The psychological health of children and teenagers has been declining, and we are apparently in the midst of a child mental health crisis. The problem has largely been attributed to excessive screen time and social media exposure, as well as increased pressure to pass standardized tests. Naturally, the proffered solution is not to get kids away from the screen and prevent atrocities like oxymoronic “smart playgrounds,” but rather to introduce extensive mental health assessments into schools.
With a swath of teachers taking part in “progressive” social engineering projects, can we really put our trust in them to evaluate students’ mental states without ulterior motives?
Mental Health Screenings in Schools
In May 2017, The Wall Street Journal published an opinion piece by a Dr. Aida Cerundolo, claiming that schools are obtaining sensitive mental health data on children without their, or their guardians’, knowledge or consent. According to Cerundolo:
“Educators and administrators increasingly are using psychological screening tools to identify children who are at risk for social and emotional issues, and to assess programs geared toward improving social and emotional skills.”
Cerundolo cites the Devereux Student Strengths Assessment (DESSA) test, produced by the Devereux Centre for Resilient Children as one such test that assesses and tracks over time a child’s “social-emotional competence.” As a doctor who is subject to confidentiality laws herself, she questions the lack of safeguards surrounding such sensitive information:
“The justification for blanket screening of all students is noble—to identify those who may benefit from intervention before their social and emotional issues become a problem that impedes success in school and life. But aren’t we really creating psychological profiles that in other settings would be deemed confidential?”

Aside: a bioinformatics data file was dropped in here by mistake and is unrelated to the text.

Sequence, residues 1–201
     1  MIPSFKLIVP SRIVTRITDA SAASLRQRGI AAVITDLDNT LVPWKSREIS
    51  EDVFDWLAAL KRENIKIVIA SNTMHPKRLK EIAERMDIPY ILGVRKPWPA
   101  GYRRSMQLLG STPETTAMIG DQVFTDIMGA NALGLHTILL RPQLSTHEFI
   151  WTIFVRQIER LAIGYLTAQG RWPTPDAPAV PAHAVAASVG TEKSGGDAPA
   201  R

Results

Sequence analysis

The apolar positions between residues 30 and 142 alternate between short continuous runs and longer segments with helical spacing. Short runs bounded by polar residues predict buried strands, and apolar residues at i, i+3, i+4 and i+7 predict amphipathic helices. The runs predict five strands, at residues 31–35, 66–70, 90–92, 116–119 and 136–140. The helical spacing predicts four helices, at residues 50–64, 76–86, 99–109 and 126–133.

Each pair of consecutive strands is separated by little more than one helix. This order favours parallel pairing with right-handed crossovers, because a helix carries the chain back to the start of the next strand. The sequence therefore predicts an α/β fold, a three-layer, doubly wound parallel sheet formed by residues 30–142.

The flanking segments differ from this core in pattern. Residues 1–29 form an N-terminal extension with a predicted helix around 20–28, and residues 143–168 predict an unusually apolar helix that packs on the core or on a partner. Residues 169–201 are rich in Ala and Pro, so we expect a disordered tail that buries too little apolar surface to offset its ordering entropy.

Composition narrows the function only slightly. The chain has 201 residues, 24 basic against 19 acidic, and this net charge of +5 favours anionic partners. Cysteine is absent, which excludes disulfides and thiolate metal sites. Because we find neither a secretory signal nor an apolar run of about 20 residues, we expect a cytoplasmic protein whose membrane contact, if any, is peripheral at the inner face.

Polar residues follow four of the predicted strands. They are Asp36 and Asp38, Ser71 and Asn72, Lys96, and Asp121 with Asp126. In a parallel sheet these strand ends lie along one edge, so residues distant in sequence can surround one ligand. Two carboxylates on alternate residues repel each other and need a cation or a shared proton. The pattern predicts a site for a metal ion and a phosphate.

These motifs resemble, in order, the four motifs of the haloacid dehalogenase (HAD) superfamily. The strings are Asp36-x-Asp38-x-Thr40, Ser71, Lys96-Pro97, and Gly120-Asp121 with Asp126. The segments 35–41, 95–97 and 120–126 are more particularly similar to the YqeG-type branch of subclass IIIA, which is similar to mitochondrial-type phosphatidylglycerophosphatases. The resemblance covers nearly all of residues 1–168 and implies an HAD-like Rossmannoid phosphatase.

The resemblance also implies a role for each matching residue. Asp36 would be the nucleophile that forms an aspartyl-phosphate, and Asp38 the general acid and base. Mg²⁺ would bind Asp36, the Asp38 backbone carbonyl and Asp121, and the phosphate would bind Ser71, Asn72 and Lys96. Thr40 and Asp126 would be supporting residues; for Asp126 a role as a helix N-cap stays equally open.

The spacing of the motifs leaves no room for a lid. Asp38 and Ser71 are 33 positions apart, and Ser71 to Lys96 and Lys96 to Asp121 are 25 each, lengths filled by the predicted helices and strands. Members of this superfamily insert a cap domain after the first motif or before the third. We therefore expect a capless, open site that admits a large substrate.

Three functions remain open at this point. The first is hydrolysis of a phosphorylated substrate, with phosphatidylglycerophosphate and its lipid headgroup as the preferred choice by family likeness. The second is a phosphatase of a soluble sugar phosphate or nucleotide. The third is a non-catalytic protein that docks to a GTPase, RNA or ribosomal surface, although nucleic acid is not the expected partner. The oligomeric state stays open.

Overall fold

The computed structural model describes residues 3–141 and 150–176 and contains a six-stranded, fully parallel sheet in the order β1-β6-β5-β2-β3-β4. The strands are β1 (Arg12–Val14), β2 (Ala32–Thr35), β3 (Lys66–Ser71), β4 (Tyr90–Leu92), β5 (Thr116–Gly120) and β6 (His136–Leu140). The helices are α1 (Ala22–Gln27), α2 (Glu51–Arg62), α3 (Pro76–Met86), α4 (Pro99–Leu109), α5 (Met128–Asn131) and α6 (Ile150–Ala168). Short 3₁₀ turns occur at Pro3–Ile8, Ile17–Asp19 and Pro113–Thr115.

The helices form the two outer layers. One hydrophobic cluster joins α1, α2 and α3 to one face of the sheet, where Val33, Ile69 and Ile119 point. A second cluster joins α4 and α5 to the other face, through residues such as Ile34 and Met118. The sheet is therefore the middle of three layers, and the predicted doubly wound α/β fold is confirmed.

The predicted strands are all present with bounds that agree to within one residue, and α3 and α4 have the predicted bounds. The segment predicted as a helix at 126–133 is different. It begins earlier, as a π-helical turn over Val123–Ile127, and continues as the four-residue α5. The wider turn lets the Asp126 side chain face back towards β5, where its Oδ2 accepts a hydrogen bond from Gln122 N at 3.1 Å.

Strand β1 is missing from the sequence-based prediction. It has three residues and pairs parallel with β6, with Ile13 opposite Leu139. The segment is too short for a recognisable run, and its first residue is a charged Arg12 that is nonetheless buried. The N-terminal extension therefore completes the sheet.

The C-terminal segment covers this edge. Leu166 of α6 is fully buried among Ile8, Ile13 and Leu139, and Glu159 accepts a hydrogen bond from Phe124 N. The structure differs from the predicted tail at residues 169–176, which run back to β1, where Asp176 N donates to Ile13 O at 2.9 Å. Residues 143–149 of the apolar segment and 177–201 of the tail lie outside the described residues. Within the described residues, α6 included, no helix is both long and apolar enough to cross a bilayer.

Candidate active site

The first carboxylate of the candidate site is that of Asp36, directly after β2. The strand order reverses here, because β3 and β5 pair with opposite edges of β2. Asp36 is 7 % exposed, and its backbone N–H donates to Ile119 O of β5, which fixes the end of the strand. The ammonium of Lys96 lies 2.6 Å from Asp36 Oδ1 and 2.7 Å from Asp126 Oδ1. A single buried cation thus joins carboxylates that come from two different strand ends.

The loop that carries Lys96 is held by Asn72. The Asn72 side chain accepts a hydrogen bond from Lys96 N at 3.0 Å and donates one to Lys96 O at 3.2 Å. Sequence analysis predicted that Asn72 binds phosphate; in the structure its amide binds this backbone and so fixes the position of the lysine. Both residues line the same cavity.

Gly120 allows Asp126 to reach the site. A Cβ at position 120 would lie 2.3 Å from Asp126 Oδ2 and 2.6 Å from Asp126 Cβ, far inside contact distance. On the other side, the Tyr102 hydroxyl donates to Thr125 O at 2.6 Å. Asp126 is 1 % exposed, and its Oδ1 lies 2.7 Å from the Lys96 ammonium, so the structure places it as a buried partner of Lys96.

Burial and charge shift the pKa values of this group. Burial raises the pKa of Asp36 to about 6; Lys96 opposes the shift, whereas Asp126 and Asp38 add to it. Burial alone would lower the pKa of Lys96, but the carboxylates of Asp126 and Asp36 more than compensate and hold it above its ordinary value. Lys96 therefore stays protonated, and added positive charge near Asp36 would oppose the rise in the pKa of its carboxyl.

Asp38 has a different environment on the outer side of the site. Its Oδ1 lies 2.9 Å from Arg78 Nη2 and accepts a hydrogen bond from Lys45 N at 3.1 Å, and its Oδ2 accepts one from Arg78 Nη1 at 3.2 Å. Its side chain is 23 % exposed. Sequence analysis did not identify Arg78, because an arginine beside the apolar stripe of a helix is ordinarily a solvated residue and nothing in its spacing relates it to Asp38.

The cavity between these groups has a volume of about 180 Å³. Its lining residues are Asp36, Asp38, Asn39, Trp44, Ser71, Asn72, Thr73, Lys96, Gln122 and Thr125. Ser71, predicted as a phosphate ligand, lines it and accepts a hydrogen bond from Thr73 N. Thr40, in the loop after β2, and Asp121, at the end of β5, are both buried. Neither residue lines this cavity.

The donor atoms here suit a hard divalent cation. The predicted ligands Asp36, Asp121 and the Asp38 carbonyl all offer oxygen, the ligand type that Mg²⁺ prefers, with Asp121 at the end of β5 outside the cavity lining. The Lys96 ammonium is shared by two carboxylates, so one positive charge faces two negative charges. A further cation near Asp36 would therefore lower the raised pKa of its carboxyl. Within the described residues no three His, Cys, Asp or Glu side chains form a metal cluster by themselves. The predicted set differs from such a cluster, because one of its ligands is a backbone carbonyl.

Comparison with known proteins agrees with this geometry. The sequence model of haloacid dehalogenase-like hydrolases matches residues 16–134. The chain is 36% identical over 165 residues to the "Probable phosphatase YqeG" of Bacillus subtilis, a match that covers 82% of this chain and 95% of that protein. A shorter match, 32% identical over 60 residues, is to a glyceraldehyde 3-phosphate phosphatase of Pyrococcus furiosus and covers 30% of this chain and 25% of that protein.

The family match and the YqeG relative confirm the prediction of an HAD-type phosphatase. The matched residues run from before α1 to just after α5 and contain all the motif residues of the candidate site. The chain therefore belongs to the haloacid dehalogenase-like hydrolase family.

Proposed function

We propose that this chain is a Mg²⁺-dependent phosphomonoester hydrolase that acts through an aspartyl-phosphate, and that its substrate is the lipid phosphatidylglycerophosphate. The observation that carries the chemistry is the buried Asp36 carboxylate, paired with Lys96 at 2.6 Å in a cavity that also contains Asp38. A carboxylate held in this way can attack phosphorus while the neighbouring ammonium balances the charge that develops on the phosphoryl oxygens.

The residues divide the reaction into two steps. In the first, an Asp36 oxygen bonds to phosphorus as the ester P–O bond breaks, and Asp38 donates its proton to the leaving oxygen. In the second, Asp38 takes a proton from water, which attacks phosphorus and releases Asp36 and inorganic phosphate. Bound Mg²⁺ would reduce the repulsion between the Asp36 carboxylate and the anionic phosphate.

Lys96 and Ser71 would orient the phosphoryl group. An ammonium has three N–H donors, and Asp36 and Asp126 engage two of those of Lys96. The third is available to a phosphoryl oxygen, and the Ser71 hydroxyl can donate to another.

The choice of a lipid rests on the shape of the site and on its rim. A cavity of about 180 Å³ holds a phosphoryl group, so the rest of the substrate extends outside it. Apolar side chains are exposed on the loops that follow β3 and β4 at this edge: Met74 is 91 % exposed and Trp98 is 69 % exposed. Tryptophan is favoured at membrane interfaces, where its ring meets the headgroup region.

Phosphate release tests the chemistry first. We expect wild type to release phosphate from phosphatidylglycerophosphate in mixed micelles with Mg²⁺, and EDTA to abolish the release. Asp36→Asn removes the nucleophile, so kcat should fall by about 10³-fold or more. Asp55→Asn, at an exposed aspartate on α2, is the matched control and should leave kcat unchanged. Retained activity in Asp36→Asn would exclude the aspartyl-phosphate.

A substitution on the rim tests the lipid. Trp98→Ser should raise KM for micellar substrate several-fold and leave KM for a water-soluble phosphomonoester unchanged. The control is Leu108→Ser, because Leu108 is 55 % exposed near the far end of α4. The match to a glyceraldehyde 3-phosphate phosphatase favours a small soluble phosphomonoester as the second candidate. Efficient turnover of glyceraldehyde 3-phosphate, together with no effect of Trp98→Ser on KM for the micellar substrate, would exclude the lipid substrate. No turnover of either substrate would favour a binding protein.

…over seven million children are already medicated.
…over seven million children are already medicated.
Universal mental health checks have also been introduced for middle and high school students in several Washington state school districts. The screenings will be self-administered at least, although there is no indication of how confidential the results will be.
The extent of DESSA style testing is unclear, but multiple schools and school districts are indeed using and promoting it as a coping strategy for children. Not only are the vendors able to profit by selling students’ information and then marketing products to “correct” kids’ wayward behavior, but there are also serious concerns that this may encourage the use of unnecessary psychiatric drugs, in a country where over seven million children are already medicated.
The 2015 Every Student Succeeds Act (ESSA) also made significant provisions for mental health assessments in schools, on a federal level.
Persecution of the Different
After the Parkland shooting, Florida rushed through a new “School Safety Law” that, among other things, forces students to disclose their mental health history upon registering at a school. Aside from privacy implications, some parents are concerned about how their children will be treated if they have a mental health referral on their record. A parent whose children are affected by the requirement spoke to NPR: